With $20M in federal grants, new residency programs will train more doctors for rural areas

Twenty-seven healthcare organizations across the country will receive federal money to set up new residency programs to train more doctors to work in rural areas.

The organizations, located in 21 states, will be awarded approximately $20 million in grants, the Department of Health and Human Services (HHS) announced, with funding through the Health Resources and Services Administration (HRSA). The goal is to bring more doctors to serve rural communities, where the growing nationwide shortage of doctors is among the most urgent.

RELATED: Rural health crisis escalates: Sometimes there’s only 1 doctor in town (if you’re lucky)

The organizations include medical schools, rural hospitals, community health centers and health centers operated by the Indian Health Service and Indian tribes or tribal organizations. They will receive Rural Residency Planning and Development Program grants of up to $750,000 over three years to develop new rural residency programs while achieving accreditation through the Accreditation Council for Graduate Medical Education, HHS said.

“Promoting the health of rural America is one of the Trump Administration’s healthcare priorities,” said HHS Secretary Alex Azar. “Supporting the training of healthcare providers in rural areas through grants like these is a key way to help expand rural access to care and is part of an overall effort to support rural healthcare in sustainable, innovative and flexible ways.”

RELATED: This ‘country doctor’ protects bygone era in medicine—and access in remote California town

The grants are part of a multi-year initiative to expand the physician workforce in rural areas by developing new residency programs in family medicine, internal medicine, and psychiatry.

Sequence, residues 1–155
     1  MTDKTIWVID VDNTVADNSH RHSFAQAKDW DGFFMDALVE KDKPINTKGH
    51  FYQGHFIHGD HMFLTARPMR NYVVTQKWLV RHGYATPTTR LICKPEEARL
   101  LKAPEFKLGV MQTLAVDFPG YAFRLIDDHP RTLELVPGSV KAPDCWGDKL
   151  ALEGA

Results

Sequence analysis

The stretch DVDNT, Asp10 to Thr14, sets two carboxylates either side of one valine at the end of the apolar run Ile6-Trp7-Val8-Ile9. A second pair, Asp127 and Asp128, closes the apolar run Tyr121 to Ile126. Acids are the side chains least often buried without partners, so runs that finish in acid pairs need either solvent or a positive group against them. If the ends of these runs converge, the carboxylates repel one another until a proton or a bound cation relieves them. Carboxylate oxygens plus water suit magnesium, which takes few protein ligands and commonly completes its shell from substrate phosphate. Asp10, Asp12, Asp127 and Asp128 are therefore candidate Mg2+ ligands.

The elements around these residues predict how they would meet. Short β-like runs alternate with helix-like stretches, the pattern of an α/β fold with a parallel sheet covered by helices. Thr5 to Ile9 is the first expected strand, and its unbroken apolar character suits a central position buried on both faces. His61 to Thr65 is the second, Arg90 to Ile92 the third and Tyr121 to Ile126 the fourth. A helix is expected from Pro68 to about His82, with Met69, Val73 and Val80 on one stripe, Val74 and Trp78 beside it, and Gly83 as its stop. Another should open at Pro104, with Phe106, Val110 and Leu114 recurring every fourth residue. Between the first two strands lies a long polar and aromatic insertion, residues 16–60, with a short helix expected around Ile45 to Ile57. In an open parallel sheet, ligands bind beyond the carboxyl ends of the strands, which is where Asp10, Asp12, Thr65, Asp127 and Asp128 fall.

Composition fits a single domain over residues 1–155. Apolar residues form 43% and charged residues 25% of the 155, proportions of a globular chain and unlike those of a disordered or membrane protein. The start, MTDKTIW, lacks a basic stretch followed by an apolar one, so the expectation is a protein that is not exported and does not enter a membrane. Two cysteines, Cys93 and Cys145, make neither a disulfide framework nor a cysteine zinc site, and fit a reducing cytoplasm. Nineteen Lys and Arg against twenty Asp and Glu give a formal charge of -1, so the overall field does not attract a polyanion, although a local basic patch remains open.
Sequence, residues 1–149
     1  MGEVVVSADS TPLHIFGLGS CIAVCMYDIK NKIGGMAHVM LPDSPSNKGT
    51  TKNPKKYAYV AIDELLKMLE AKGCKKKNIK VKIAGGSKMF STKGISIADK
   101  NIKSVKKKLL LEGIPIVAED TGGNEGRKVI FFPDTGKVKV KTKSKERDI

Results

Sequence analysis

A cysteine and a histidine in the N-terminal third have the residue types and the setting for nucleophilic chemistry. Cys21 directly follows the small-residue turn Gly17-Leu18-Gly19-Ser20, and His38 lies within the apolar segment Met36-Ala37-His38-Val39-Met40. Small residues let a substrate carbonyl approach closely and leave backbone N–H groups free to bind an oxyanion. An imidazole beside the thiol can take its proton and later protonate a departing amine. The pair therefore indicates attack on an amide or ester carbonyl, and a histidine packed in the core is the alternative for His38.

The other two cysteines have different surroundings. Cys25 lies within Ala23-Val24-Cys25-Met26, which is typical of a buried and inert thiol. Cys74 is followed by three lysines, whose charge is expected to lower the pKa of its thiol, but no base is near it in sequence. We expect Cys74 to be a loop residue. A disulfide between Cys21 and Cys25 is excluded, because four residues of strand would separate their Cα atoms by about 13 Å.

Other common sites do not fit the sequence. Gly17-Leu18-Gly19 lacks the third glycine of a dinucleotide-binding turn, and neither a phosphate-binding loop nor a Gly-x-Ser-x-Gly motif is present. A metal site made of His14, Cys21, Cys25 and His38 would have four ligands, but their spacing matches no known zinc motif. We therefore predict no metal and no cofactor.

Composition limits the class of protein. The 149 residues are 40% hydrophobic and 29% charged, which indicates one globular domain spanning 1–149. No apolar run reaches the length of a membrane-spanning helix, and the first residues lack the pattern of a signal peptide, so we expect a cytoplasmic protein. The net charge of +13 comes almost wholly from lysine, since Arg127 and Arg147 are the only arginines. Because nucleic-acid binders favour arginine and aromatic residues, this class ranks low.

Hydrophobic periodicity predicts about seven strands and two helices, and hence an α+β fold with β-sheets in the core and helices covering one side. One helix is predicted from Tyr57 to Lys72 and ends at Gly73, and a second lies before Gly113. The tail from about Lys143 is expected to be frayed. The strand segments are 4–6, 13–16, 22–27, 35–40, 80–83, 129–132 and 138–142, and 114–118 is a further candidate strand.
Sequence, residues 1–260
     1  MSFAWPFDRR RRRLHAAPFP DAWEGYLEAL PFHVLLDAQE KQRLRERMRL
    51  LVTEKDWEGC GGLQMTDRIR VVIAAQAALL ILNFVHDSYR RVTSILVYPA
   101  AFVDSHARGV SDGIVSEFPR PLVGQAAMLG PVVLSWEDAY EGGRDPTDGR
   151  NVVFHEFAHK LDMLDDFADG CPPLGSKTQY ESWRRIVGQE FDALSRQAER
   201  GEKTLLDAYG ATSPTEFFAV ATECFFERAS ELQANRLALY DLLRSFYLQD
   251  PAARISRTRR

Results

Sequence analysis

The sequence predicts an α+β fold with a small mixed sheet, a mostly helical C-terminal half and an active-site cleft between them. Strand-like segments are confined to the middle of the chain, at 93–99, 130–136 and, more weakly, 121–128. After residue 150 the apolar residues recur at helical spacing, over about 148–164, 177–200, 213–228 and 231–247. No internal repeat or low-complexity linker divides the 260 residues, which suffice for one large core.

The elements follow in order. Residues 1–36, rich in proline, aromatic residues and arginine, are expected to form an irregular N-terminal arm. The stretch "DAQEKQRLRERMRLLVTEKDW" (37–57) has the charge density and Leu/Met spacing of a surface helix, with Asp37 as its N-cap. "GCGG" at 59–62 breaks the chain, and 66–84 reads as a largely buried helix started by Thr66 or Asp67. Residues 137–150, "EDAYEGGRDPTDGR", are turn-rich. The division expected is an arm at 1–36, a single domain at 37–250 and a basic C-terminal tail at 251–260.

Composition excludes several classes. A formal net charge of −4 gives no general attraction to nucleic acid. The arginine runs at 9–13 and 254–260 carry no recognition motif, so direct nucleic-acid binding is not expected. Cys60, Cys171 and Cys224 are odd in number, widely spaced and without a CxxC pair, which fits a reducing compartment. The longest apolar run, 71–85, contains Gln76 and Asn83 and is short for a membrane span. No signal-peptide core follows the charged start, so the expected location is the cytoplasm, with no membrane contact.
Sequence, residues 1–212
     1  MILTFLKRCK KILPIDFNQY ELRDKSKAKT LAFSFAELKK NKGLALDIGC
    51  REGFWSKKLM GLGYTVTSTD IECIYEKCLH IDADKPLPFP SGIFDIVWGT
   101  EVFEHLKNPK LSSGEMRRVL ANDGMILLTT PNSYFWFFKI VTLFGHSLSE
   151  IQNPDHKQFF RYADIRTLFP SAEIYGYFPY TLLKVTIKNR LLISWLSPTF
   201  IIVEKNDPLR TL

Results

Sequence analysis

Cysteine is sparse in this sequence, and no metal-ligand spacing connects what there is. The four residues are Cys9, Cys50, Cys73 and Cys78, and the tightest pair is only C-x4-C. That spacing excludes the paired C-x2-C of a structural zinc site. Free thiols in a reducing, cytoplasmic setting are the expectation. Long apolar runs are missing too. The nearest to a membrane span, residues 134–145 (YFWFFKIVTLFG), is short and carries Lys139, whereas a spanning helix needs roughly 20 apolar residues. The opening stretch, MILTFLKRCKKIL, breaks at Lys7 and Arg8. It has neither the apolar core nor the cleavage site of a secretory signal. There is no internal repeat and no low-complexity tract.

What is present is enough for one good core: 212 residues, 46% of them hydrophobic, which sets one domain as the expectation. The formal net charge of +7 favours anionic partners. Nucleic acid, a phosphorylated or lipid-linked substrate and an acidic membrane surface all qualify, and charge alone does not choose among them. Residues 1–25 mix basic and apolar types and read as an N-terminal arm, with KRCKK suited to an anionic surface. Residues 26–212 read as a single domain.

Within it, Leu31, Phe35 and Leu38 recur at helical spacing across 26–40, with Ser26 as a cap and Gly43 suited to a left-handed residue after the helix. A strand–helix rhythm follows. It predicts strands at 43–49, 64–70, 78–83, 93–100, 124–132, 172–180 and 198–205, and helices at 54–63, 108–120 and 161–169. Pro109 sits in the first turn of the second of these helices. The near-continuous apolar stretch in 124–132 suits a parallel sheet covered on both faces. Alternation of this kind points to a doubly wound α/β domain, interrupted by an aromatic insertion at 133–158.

“The health challenges in rural America are clear. Rural communities face a greater risk of poor health outcomes than their urban counterparts,” George Sigounas, HRSA administrator, said in a statement announcing the grants. “Programs like the Rural Residency Planning and Development grants take aim at one of the most persistent disparities: access to high-quality healthcare providers.”

RELATED: Specialist physicians in high demand, and their salaries reflect it

Doctors who train in rural settings are more likely to practice there after they complete their residencies, said Luis Padilla, M.D., HRSA Associate Administrator.

The grants are among other federal and state programs aimed at increasing the number of doctors and other clinicians in rural and underserved areas of the country. Those include tuition assistance or reimbursement. "Training residents in rural areas is one strategy shown to successfully encourage graduates to practice in rural settings,” said Tom Morris of HRSA.

RELATED: A new deal—$75K in loan repayment to doctors in exchange for opioid treatment in underserved areas

The rural doctor shortage is part of a nationwide shortfall. The Association of American Medical Colleges recently projected a shortage of up to 122,000 physicians by 2032 as demand grows faster than supply.

The healthcare industry has also tried to attract more doctors to primary care, a field that tends to attract fewer physicians because pay is lower than other specialties. Many new doctors are also saddled with hefty medical school debt.

Rural communities traditionally have had a difficult time attracting physicians. One recent survey found most new doctors (65%) would prefer to work in communities of 250,000 or more.